I know many who also were born and raised in JH, with immigrant parents. Some with single parent homes and not “privileged”, myself included. We remember when JH had more of a family and community presence. Not all was ideal but the area is getting worse over the past 15-20 years, with increasing vagrants, prostitution and drugs running their businesses in our neighborhood. Those of us who care about JH and our families want a better environment, better choices. Not holding on to bad customs that allow all the filth and crime to flourish. If the current businesses cared about the area they serve they would allow for improvements such as the Target. Competition is healthy in the free market. And gentrification is not a 4 letter word.
82nd st getting worse over the past 15 20 years? I have to disagree. Remember in the late 80’s to mid 90’s when there was a whorehouse on every block on Roosevelt and cars were getting stolen all over town. Or in 1990 when the Colombian soccer team made the playoffs and that kid was shot in the knee while celebrating on 82nd between Roosevelt and Dunningham triangle (which was an open drug market where addicts got high openly all day)? Or in 1997 when you could go to 88th st and Roosevelt to buy weed and cocaine from a teenager? Or remember the late 90’s when those 3 ladies sold basuko (freebase smokable cocaine) from 8pm to 7am every day of the year on 82 and Roosevelt right under the train station stairs while police cars drove by. Remember when the street walkers were selling there bodies in people’s backyards and driveways all over Roosevelt Avenue and surrounding areas. When yellow cabs would not pick people up in Jackson Heights? 82nd has gotten way better than it was 20 years ago or even 10 years ago. Crime is down in Jackson Hts. and all over NYC. 2018 was one of the safest years in NYC history. So how can we say crime is worse than it was 20 years ago?
During the Great Depression, this area belonged to gay actors and the occasional poor Manhattan expat. So based on your logic, JH ‘belongs’ to the gays from the Theater District. Guess I have to move…you probably do, too.
Your anti-humanitarian argument is a flame-job and complete BS. Other opinions exist, whether you like it or not! Just because you preemptively disagree doesn’t mean they aren’t valid.
Things change. Neighborhoods change. And the problems of the freakish income disparity in NYC, Queens included, won’t be halted as long as these investments continue – which they will.
Not saying I agree or disagree. It is what it is in this city.
I have been WANTING TARGET in my Astoria neighborhood for years. I love Target!
Been a Jackson Heights native for over 30 years… we NEED a Target! To all JH residents, I know you all travel to Flushing and Elmhurst to get your Target fix. Think about how convenient it would be to have one in the neighborhood. Stop fighting a good thing!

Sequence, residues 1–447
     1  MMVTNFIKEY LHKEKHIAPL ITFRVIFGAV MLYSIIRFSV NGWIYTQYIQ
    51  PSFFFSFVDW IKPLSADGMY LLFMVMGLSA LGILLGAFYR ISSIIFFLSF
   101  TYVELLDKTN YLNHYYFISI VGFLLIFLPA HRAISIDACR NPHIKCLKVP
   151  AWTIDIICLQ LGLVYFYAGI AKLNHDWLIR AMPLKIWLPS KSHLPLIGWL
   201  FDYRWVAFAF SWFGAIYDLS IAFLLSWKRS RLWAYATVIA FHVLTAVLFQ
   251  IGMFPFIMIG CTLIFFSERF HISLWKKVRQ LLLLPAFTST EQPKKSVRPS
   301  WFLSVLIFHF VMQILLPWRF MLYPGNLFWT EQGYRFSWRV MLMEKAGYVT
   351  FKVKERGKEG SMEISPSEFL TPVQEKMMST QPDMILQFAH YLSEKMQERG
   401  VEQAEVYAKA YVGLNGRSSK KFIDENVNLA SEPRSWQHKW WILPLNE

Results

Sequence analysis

The JH residents who have lived there all their life and the immigrants who have been living there over 40 years do want the Target in the neighborhood. It’s the people affiliated with QNU that spin a different story.
I want a target to open up. When I first heard, I was excited. Will improve neighborhood
If I were the developer, I would tell Jackson Heights and especially the QNU, whoever they are,
that Target belongs in an appreciative neighborhood.
And I don’t remember these precious immigrant businesses in Jackson Heights 20 years ago when the neighborhood was doing just fine.
You dont remember immigrat businesses 20 years ago?? Really ?? Click electronic store was on 82nd st in the 1980’s playing loud music. And I can name more than one immigrant owned business from way over 20 years ago. Flagship video and Numbers and Records on 78th and 37. George’s diner on 81st. Ultimate look on 79 and 37th. Mi tierra restaurant on 81 and Roosevelt, Inti Raymi restaurant on 87 and 37. Woks chinese food on 81 and 37. Isabel’s Salon and K and L deli on 76 and 37. Most of the barbershops, nail salons, restaurants, bakeries, car repair, car services, delis, and grocery stores around Jackson Hts were immigrant owned in 1999 probably there was more back then than now. So Ron W when you say you don’t remember these precious immigrant businesses 20 years ago you just weren’t paying attention. All the places I mentioned were in operation 20 or more years ago. And I could keep going.
Normal people want to see their neighborhoods improve, not stay down in the gutter…shame on QNU.
Now if only someone would take up the task of bulldozing both sides of Roosevelt Avenue and redeveloping those eyesore “immigrant-owned” shops with their boom-box loudspeakers, strobe lights, and illegal sidewalk displays!
Well you can thank QNU for stopping an expansion of the BID on Roosevelt. They treat it like a victory for the ages, but the people who really lose out is us (oh and of course the handful of people who have died on the block this year since it continues to be a seedy, crime-filled, filthy mess). Thanks QNU for really “looking out” for the community, aka their own stores (referenced in the document above).
I look forward to target, we need better stores, im sick and tired of all the junk stores in the neighborhood maybe this will improve, police will clean all the old drug dealers, and the prostitution. Thankyou .
Police will clean old drug dealers and the prostitution? So cops are giving people baths now? How is a store going to stop crime? There is now a GAP, Bananna Republic, and a Children’s Place on 82nd st. Did it stop crime? Did it make the police pay more attention to the 82nd St and Roosevelt Ave area?
I want a target! I would go
These objections seem spurious and I really Hope common sense prevails. QNU Do not reporesrnt the views of the neighborhood. 82nd street already has several major chains which are all widely used by the local community and make for a bustling shopping scene which I hope continues to grow and thrive.
QNU doing the Lord’s work! Thank you guys! Hopefully theres no target!
These people are so annoying! Dont you want jackson heights to get better with better stores in the neighborhood?
We stand with Queens Neighborhoods United and the people of Jackson Heights. Power to the People! We will fight the theft of our neighborhoods.
*Insert Eye Roll Here*
Thank you QNU for fighting the good fight. A Target store belongs at a shopping mall not on 82nd street where most of the stores are small and the traffic is already a problem and the 7 train thay takes you there is overcrowded and delayed.